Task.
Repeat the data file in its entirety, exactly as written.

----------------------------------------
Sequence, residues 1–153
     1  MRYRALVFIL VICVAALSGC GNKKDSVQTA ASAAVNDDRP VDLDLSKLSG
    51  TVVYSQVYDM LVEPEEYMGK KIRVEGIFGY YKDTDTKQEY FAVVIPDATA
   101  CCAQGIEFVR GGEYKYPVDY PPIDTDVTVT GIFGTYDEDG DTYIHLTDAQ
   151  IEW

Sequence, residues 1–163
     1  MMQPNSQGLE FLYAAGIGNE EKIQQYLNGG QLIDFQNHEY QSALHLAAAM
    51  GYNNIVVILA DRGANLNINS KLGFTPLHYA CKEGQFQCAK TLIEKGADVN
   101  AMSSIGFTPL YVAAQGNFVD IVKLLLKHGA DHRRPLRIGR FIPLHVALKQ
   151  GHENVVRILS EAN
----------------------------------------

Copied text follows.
Sequence, residues 1–153
     1  MRYRALVFIL VICVAALSGC GNKKDSVQTA ASAAVNDDRP VDLDLSKLSG
    51  TVVYSQVYDM LVEPEEYMGK KIRVEGIFGY YKDTDTKQEY FAVVIPDATA
   101  CCAQGIEFVR GGEYKYPVDY PPIDTDVTVT GIFGTYDEDG DTYIHLTDAQ
   151  IEW

Sequence, residues 1–163
     1  MMQPNSQGLE FLYAAGIGNE EKIQQYLNGG QLIDFQNHEY QSALHLAAAM
    51  GYNNIVVILA DRGANLNINS KLGFTPLHYA CKEGQFQCAK TLIEKGADVN
   101  AMSSIGFTPL YVAAQGNFVD IVKLLLKHGA DHRRPLRIGR FIPLHVALKQ
   151  GHENVVRILS EAN